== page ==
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If you’re ready to start earning points and miles to use on award travel, you’ve probably noticed that there are several airline loyalty programs to choose from. You may even be stuck trying to decide which program — or programs — is right for you.
And while airline loyalty programs are generally free to join (and no one is stopping you from signing up for multiple memberships), it can be useful to focus your energy on just a few, rather than many. Especially for those new to the points and miles universe, targeting one or two airline loyalty programs will give you the best chance of earning enough miles for an award flight. It will also help you feel less overwhelmed, as there is plenty to know and understand about this travel hacking hobby.
Here’s a quick introduction to airline loyalty programs, plus six considerations to take into account before making a decision about which one(s) to join.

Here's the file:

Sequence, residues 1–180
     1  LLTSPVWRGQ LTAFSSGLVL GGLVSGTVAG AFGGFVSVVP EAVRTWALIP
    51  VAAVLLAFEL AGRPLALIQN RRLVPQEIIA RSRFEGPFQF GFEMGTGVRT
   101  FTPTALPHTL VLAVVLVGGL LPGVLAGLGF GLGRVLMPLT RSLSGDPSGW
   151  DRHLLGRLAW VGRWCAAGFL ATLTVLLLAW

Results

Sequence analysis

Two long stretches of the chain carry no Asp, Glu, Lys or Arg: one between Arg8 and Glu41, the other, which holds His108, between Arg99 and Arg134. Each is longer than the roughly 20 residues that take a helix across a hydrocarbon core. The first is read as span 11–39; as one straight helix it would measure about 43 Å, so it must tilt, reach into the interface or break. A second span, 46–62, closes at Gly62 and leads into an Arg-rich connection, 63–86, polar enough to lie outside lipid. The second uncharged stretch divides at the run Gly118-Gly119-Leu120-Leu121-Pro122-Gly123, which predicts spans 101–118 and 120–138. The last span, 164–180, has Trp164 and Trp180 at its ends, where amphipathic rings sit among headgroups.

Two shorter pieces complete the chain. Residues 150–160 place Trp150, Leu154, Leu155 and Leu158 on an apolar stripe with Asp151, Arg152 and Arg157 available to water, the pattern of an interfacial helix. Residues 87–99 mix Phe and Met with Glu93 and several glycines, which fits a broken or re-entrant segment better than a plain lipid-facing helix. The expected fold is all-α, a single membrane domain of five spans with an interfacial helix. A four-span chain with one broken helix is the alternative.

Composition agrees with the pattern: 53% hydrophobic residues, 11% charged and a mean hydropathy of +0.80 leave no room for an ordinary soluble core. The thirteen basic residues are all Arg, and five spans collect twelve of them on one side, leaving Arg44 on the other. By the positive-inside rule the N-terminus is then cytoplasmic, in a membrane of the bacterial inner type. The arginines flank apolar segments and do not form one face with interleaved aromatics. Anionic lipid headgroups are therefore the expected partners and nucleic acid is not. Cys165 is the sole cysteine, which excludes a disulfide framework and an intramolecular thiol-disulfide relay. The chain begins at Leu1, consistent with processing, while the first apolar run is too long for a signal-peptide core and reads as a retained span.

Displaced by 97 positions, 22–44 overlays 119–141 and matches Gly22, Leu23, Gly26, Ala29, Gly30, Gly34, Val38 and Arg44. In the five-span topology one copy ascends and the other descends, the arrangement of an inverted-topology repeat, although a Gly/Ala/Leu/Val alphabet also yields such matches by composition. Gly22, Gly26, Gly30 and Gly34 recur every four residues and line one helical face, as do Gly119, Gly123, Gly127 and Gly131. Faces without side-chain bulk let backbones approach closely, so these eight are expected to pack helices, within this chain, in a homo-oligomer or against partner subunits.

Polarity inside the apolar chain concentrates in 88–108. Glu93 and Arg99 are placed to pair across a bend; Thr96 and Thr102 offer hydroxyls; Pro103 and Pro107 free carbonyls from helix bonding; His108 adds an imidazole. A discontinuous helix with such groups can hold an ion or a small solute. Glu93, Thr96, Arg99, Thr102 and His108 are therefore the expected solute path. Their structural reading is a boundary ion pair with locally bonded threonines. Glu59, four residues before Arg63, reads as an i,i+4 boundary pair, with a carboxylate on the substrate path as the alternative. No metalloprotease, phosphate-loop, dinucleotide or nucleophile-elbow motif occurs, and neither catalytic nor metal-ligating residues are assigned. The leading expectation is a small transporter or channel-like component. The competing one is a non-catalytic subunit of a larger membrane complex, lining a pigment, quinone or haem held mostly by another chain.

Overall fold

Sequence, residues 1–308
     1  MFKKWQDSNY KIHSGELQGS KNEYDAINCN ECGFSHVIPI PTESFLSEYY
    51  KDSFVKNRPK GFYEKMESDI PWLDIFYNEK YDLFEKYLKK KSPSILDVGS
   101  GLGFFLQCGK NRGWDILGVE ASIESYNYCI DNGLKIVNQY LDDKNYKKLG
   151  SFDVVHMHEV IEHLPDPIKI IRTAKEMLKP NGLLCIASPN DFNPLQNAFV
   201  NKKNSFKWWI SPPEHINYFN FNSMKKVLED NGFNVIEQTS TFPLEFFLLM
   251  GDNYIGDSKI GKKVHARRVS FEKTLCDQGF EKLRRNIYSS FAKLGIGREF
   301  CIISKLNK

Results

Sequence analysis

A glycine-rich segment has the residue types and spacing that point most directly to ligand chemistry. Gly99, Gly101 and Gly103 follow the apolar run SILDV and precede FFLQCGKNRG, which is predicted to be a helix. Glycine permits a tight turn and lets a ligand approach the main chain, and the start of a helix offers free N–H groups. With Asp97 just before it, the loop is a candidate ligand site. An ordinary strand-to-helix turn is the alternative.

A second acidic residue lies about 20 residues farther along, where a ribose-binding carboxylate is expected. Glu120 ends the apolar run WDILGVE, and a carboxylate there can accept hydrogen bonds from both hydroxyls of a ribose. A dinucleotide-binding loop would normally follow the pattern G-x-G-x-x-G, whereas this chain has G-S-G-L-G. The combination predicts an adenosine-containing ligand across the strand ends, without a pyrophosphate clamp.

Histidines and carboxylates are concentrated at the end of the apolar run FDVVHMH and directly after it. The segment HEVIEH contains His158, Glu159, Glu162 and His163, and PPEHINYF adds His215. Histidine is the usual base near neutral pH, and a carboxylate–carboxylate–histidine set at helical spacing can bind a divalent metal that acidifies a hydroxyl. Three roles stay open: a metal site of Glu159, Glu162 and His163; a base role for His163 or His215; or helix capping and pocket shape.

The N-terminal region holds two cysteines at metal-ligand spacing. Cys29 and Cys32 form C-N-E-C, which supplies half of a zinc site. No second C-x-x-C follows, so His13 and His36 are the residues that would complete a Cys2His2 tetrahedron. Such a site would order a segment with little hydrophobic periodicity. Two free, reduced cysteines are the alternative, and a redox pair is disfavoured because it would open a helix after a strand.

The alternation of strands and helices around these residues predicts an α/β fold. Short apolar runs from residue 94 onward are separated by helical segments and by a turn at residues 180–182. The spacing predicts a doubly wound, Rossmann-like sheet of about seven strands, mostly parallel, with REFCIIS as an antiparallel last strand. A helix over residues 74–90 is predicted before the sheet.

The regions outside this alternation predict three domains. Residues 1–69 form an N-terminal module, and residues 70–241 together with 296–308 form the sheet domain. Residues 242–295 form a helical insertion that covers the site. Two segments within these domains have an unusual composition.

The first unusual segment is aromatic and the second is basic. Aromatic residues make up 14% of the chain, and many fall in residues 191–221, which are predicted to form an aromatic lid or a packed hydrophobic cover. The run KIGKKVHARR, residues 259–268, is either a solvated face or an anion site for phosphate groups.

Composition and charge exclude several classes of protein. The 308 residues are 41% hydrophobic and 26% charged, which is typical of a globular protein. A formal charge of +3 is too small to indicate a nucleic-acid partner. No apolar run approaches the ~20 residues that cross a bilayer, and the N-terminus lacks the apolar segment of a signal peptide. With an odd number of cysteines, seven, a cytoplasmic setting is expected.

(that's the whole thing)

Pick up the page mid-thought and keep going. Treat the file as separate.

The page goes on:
An overview of airline loyalty programs
How they work
Beyond selling airfare that gets travelers to and from destinations, many airlines run individual loyalty programs to encourage customer satisfaction and retention. These programs generally look a lot like other loyalty or rewards programs you might be used to, such as Starbucks Rewards, Sephora’s Beauty Insider or Marriott Bonvoy.
Typically, these programs:
Are free to join.
Offer ways for customers to collect or “earn” a currency, like points or miles.
Extend ways for customers to redeem their points or miles for discounts, free products, flight awards or insider perks.
Require a name and email address.
Include options for co-branded consumer credit cards.
Provide various benefits, like free in-flight Wi-Fi or priority boarding.
Inspire further customer loyalty with elite status tiers that come with additional perks.
Popular airline loyalty programs